QB choice raises a few questions
PITTSBURGH — The Steelers had four quarterbacks for three spots, so one of them had to go.
Conventional wisdom held that Josh Dobbs would be headed out, probably traded for a draft pick.
Ben Roethlisberger was untouchable, of course. Landry Jones was thought to be in solid because he was the only other quarterback with NFL game experience.
The Steelers said they valued third-round pick Mason Rudolph as a worthy first-rounder, so he was staying.
That left Dobbs on the outside as the cuts were made. Pretty simple.
Except Dobbs had a big game on Thursday against Carolina. As much as everyone says that the fourth preseason game features guys who will soon be styling hair, repairing plumbing leaks and doing some substitute teaching, Dobbs’ work apparently impressed management.
Jones was the one cut, ending his three-year run as Roethlisberger’s backup.
The decision is probably this easy — Jones is 29 and he’s about as good as he’s ever going to get. Dobbs is 23 and there’s room for growth.
Maybe he never amounts to much in the NFL, but he still has a chance. Jones doesn’t.
Head coaches typically value experience above most other traits, so this decision is significant for that reason.
As Roethlisberger starts his 15th season at age 36, the day when he has to be replaced is drawing closer.
The Steelers likely made their decision with that in mind. Dobbs and Rudolph have potential to be a No. 1 quarterback.
Nobody ever said that about Landry Jones.
The Steelers weren’t the only team revamping its roster.
The Pirates made some moves that ran up the white flag on this season and started planning for 2019.
The most significant would be the trade of David Freese to the Dodgers. That effectively gets the Pirates out of the decision on the $6 million option/$500,000 buyout on his 2019 contract.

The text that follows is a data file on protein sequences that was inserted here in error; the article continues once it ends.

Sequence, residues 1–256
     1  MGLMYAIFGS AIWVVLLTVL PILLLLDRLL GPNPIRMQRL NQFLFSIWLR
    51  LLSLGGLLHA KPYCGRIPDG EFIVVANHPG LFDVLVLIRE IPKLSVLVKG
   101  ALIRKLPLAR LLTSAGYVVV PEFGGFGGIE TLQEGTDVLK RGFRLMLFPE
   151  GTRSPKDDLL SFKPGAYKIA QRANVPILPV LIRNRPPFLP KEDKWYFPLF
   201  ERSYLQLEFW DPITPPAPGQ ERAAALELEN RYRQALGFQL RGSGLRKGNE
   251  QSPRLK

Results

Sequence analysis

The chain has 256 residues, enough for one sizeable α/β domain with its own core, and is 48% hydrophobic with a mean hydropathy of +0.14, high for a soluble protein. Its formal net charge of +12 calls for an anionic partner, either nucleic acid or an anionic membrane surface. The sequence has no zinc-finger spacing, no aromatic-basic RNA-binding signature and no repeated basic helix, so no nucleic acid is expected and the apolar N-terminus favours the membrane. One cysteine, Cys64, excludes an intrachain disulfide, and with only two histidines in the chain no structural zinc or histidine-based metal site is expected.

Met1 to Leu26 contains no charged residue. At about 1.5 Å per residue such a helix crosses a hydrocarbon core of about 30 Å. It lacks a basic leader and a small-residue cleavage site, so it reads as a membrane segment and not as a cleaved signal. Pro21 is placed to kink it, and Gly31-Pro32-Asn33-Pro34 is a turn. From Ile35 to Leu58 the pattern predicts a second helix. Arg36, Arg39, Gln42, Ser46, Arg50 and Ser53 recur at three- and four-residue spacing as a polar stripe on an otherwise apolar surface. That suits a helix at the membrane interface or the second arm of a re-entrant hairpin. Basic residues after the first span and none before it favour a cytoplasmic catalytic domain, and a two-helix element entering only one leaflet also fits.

Freese had a decent year this season, mostly because the Pirates managed his playing time correctly. He slumped a bit in August, posting a .258 average with two home runs and 15 strikeouts in 65 plate appearances.
Freese had another value, too. He was one of the first players waiting to yell at Starling Marte when Marte dogged it recently in a game, a lapse that earned him a one-game sitdown.
Freese gets a chance to return to the postseason with the Dodgers while the Pirates clear a roster spot and save some money on a player who had no future here.
SUBHEAD: Sean gone
Earlier in the week, the Pirates released Sean Rodriguez, a move that delighted fans who had obsessed over the failures of the veteran utility player.
Make no mistake, Rodriguez was awful by any measure. You can’t even cook up obscure stats to suggest he had some value.
In all likelihood, that January 2017 car crash took more out of him physically than he ever realized. His hitting was terrible, and his defense declined, too.
But as bad as Rodriguez was — and yes he was — he wasn’t a major reason the Pirates haven’t done better this season.
It became a repeat of last year’s John Jaso scenario, where one player’s obvious failures were scapegoated.
If you need to know why the Pirates are currently under .500, look at the diminished production of Josh Bell and Josh Harrison and that week-long May meltdown Felipe Rivera had over four games.
A team is sunk by the failures of key players, not part-timers.
SUBHEAD: By the way…
Don’t worry about Landry Jones. He will find work elsewhere for years to come.
There’s good money to be made as a backup quarterback in the NFL.
(Mehno can be reached at: firstname.lastname@example.org)